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The gall bladder or cholecyst is a small gland which sits on the bile duct between the liver and the intestines. It stores bile, which is more or less an organic detergent produced by the liver that helps digest fat. The gall bladder concentrates the bile as it is produced by the liver and releases it as required to digest fat. Not all mammals have a gall bladder, with the likelihood of a mammal having one being related to how much meat and fat are in their diet. For example, rats and horses do not have gall bladders.
Most people have no problems with their gall bladders, but for unknown reasons either fats or salts will precipitate out of the bile in certain patients, leading to the formation of gallstones. If a gallstone becomes lodged in the bile duct, it leads to cholecystitis, a painful condition that often feels like severe heartburn which can last for hours or days until the stone passes into the intestine. However, if the stone remains lodged, patients will often develop acute cholycystitis, characterized by fever and fatigue caused by bacterial infection in the gall bladder. If this condition is not treated promptly, it may be life threatening. However, most stones pass normally into the intestine.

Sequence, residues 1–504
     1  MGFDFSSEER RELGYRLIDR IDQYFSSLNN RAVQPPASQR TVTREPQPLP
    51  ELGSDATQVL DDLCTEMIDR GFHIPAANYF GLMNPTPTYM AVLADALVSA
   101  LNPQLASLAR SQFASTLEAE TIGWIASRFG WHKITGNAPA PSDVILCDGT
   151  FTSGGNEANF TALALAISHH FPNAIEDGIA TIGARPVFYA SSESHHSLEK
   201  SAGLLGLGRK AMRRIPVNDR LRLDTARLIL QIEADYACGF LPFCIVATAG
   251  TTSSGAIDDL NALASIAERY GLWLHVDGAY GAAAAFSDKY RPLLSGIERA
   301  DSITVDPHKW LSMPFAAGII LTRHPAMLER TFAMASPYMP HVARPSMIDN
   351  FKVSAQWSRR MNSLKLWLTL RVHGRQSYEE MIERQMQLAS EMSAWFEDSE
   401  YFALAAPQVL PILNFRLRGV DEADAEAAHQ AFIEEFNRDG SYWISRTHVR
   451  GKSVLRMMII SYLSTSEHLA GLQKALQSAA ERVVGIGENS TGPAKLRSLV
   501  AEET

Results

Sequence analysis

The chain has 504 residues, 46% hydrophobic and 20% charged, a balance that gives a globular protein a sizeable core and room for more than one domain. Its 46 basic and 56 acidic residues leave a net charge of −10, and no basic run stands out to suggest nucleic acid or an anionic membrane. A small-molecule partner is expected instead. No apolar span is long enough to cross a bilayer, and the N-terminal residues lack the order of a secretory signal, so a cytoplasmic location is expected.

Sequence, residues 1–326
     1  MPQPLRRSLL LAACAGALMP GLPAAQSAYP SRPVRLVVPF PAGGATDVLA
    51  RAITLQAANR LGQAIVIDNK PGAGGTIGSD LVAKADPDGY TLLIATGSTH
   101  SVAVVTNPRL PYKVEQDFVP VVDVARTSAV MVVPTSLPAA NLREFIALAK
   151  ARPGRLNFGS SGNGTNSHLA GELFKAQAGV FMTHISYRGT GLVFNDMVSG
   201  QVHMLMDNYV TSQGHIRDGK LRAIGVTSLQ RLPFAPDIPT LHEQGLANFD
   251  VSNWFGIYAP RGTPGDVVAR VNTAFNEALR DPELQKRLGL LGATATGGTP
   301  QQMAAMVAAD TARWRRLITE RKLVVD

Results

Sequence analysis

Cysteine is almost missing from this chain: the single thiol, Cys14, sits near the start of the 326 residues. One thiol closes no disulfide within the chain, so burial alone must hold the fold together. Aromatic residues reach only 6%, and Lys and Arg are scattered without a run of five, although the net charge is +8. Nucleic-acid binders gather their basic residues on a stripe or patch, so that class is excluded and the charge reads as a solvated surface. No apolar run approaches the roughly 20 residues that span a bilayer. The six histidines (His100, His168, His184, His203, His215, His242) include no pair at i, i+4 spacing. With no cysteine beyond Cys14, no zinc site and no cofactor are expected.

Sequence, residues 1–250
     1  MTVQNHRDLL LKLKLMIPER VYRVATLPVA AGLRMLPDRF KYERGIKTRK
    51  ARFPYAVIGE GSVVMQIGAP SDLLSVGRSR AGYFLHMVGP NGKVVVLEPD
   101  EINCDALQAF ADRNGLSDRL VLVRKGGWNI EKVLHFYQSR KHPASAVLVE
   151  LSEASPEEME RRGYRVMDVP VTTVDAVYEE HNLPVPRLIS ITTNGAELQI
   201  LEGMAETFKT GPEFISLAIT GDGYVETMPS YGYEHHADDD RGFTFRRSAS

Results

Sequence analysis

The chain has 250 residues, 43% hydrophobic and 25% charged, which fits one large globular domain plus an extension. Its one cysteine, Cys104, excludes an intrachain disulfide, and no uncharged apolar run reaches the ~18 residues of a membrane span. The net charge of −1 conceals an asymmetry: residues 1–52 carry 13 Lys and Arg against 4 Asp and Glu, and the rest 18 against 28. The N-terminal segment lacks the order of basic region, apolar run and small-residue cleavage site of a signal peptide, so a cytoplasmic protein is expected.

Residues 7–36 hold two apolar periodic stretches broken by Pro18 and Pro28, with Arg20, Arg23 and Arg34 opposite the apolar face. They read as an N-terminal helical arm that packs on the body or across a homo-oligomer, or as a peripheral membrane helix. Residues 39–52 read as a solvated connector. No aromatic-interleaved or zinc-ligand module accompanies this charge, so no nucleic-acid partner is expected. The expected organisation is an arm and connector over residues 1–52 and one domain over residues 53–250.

Cholycystitis is usually associated with one of four risk factors - middle age, obesity, a history of intestinal gas, and being female (hence the handy alliteration for medical students - FORTY, FAT, FLATULENT and FEMALE).
Frequent cholycystitis is usually treated by removing the gall bladder - a Cholecystectomy. This operation was impossible before the advent of anesthesia as a surgeon could not remove the gall bladder before the patient bled to death and died from shock. Historically, the operation required a large open incision and about four weeks of recovery. However, the operation can now be performed with laparoscopic instruments, and recovery time is usually less than two weeks, with the patient being released from hospital on the day of surgery.